People have all sorts of different reasons as to why they first picked up a camera. Some do it out of curiosity, wondering what the hype is all about and. Some do it to earn what they presume to be an easy credit in school. Others do it as a means of self-expression.
One thing most new photographers have in common is excitement for their newly acquired craft. Something else they tend to have in common? Feelings of disappointment and frustration upon realizing that being good at photography isn’t as easy as they might have expected.
There’s no shortage of advice floating around aimed at helping new photographers get a grasp on the technicalities involved — exposure triangle, white balance, metering, composition rules — all vital components of fundamentally sound photography.
But there’s a pragmatic side of photography that’s sometimes overlooked. A side that doesn’t involve f-stops and lighting ratios. Therefore, this version of the “how to get better at photography” article revolves around decidedly non-technical ideas.
If you’re a beginner photographer feeling a bit confused or discouraged, keep reading to discover ways that you can get on the right track.
1. Read the Manual
If you’re anything like me, reading the manual is an afterthought. But it shouldn’t be. Manuals exist for a reason and, obviously, contains lots of important information about the camera you’re using. Sure, some people learn better by doing rather than reading, and that’s okay.
But still…read the manual. It’ll make things easier for you in the long run. You’ll learn what each button does, where all the important functions are located and how to customize your camera to your liking.
2. Always Have Your Camera Nearby
A good photographer is nothing if not opportunistic. You always have to be prepared to capture a shot when it unfolds in front of you. Being prepared simply means having your camera close to you.
Of course, you can’t always have a camera hanging around your neck, but who doesn’t have a mobile device these days? You’ve got a legitimately good camera with you at all times. Regardless of what camera you use, the goal is to train your eye and your creative reflexes to recognize and capture worthwhile moments.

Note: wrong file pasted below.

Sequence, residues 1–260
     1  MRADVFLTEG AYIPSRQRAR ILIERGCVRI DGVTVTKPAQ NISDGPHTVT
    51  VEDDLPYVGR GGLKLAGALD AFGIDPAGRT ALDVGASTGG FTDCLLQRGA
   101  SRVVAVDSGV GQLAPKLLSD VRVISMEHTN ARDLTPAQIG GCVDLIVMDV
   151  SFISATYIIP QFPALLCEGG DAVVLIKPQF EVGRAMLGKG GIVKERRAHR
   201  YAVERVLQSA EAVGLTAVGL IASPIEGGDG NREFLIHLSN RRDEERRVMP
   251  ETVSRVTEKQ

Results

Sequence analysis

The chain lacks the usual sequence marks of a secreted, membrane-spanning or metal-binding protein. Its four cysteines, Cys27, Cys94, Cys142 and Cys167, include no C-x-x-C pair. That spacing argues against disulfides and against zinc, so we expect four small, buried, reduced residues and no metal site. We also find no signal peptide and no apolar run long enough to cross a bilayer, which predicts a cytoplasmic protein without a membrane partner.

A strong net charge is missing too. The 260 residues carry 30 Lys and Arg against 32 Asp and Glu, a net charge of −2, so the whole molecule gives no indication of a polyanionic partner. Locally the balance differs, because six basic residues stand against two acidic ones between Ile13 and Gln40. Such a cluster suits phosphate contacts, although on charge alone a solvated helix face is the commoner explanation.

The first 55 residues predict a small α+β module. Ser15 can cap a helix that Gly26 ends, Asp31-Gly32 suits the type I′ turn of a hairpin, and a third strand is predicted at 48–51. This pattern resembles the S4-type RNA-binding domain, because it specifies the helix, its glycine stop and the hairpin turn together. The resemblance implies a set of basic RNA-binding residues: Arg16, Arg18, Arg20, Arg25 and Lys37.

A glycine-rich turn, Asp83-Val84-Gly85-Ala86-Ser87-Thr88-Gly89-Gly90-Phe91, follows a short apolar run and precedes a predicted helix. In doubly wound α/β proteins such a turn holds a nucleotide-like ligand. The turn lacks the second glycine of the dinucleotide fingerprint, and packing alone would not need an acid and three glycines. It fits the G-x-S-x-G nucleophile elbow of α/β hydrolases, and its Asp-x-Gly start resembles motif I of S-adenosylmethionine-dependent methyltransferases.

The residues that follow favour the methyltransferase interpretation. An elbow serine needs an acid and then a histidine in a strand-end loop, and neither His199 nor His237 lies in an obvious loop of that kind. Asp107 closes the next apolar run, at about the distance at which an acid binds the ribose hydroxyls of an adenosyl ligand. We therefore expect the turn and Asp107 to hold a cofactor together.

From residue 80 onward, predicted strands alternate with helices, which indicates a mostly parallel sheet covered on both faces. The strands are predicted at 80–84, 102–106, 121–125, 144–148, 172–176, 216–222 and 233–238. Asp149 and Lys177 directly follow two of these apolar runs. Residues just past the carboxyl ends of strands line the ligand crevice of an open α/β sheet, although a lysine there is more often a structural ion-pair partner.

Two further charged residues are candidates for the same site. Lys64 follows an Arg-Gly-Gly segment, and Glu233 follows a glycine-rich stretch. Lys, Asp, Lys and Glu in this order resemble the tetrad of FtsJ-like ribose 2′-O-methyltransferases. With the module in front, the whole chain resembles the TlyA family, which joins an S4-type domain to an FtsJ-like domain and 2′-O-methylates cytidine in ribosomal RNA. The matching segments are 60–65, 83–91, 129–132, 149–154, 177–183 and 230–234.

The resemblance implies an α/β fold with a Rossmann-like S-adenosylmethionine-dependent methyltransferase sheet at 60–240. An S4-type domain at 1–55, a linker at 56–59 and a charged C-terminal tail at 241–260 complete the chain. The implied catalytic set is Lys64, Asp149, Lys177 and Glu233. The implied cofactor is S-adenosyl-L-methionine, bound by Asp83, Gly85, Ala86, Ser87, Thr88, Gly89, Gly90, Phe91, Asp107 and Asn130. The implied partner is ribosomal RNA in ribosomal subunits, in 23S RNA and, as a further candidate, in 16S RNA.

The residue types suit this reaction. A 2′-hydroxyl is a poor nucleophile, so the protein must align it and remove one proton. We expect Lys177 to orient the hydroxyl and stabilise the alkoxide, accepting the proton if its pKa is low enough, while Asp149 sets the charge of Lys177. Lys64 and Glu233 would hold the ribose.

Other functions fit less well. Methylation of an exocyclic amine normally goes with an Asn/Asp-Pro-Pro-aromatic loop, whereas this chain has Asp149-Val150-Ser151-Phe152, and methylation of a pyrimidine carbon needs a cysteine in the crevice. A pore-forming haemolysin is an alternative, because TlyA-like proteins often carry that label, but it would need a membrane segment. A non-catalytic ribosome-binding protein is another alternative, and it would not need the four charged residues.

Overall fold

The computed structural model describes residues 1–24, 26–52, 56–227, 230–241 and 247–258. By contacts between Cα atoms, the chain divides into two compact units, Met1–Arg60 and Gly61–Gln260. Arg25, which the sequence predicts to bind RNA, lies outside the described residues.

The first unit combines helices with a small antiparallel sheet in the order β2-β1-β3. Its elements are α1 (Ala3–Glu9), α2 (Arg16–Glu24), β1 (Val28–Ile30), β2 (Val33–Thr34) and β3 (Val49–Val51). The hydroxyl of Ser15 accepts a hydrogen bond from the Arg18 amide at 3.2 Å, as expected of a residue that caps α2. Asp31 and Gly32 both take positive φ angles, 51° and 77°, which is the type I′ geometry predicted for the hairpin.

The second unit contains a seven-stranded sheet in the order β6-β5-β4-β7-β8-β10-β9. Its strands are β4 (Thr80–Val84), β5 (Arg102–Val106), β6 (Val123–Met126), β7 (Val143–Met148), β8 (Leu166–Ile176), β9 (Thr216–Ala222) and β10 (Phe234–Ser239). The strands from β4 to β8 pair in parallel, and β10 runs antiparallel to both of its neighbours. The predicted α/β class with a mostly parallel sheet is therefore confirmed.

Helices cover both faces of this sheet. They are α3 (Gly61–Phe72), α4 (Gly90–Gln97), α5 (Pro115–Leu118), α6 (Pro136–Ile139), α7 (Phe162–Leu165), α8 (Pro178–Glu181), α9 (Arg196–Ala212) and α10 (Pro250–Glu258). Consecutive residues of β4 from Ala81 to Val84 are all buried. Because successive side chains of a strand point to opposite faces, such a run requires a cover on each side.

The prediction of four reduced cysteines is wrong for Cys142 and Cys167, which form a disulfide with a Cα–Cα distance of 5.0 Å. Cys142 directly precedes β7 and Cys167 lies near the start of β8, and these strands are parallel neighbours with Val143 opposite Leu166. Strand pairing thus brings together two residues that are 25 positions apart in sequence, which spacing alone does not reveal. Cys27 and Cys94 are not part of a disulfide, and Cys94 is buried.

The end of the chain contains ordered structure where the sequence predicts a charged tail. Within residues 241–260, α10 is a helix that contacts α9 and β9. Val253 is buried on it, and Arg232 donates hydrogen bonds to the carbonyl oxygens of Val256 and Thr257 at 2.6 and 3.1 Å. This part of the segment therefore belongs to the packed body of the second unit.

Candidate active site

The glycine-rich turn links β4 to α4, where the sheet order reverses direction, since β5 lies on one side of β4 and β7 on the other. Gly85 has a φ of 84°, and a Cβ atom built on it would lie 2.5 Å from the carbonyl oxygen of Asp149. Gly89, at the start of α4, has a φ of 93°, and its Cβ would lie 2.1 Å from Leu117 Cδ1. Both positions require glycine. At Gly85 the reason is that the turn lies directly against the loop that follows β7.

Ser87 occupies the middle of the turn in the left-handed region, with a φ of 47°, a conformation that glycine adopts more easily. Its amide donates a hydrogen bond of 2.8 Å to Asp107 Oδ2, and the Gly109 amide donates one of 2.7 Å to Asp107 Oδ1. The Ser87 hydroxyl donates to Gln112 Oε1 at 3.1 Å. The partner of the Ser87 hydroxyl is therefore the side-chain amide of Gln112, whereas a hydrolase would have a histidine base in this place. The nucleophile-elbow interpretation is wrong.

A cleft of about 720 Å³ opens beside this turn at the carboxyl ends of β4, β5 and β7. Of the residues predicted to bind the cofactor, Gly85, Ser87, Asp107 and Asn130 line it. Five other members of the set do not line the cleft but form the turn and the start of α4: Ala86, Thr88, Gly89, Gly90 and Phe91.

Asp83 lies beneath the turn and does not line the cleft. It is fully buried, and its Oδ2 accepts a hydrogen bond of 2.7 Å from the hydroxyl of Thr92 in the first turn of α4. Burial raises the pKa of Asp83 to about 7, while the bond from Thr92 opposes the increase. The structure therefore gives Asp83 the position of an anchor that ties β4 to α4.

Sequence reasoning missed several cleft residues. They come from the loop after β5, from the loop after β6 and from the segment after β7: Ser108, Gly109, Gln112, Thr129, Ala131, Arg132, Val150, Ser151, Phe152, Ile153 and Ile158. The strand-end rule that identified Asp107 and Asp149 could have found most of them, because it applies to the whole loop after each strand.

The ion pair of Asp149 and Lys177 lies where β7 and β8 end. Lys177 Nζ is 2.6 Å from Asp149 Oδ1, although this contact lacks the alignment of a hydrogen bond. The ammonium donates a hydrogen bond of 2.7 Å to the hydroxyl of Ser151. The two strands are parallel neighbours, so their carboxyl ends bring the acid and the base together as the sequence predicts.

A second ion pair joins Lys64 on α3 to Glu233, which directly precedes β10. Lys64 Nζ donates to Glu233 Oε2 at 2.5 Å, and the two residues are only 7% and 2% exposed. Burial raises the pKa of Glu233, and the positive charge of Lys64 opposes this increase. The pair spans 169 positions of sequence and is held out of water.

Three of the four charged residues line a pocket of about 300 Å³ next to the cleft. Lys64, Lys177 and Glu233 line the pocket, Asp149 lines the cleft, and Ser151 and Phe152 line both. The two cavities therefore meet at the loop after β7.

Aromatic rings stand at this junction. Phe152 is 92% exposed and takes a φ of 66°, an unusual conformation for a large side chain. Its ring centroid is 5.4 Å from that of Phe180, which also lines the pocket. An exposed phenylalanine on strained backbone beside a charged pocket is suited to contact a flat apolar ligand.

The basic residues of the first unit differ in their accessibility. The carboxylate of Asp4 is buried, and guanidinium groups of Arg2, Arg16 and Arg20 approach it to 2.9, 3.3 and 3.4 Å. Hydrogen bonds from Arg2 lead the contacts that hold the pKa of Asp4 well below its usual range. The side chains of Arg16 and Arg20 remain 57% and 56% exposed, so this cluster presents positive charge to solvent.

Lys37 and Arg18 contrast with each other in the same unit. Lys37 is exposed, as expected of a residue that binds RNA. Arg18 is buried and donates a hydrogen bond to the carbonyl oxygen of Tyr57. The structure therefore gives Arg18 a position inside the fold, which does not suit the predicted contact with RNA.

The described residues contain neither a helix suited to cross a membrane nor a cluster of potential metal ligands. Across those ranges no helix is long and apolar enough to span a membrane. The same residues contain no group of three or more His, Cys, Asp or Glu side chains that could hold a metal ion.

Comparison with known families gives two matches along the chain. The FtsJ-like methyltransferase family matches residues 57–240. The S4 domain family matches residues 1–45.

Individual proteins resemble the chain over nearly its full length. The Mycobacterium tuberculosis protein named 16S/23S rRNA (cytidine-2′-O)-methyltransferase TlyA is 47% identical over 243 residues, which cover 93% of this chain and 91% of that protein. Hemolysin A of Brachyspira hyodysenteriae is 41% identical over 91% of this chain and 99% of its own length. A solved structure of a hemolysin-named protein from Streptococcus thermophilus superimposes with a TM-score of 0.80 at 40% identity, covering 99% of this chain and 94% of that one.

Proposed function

3. Find Inspiration
Knowing how to use your camera and is only one part of gaining photographic competency. You also need to be able to speak the “language” of photography — you have to expose yourself to the work of others in order to learn the many different ways to use the medium.
By doing this, you get a visual representation of all those seemingly abstract ideas like lighting and composition. Seeing what good photographers do with those elements will inspire you to start implementing your own ideas and, ultimately, develop your own style.
4. Make A Few Friends
I don’t mean Instagram friends. There’s nothing wrong with having friends online, but I’m talking about the “in real life” variety here. Having someone to go out and shoot with sometimes not only makes things more fun but also creates unique learning experiences.
For those who tend to view photography as a solitary endeavor, I’m with you. But I can also appreciate the value in having a trusted photographer friend who you can trade ideas with and who will give you honest feedback on your work.
Beyond the inherent social implications, having real-life interactions with other photographers can have a tremendous positive impact on your creative growth.
5. Be Patient
Give yourself the gift of patience. Understand that you’re not going to figure it all out in your first month…or first year of photography. Indeed, mastery takes many years. So don’t impede your progress by putting unnecessary pressure on yourself.
The expectations you have for yourself should be reasonable and realistic and based on your current skill level. You need time to not only acquire new skills but to refine those skills. This will remain true throughout the entirety of your journey in photography.
Improving as a photographer involves the incorporation of diverse ideas and skills. If you intend to be well rounded in your craft, you can’t rely exclusively on the technical while neglecting the practical. The five tips above are meant to provide a more pragmatic approach to your development — keep them in mind as you continue on your path toward mastering various technical skills.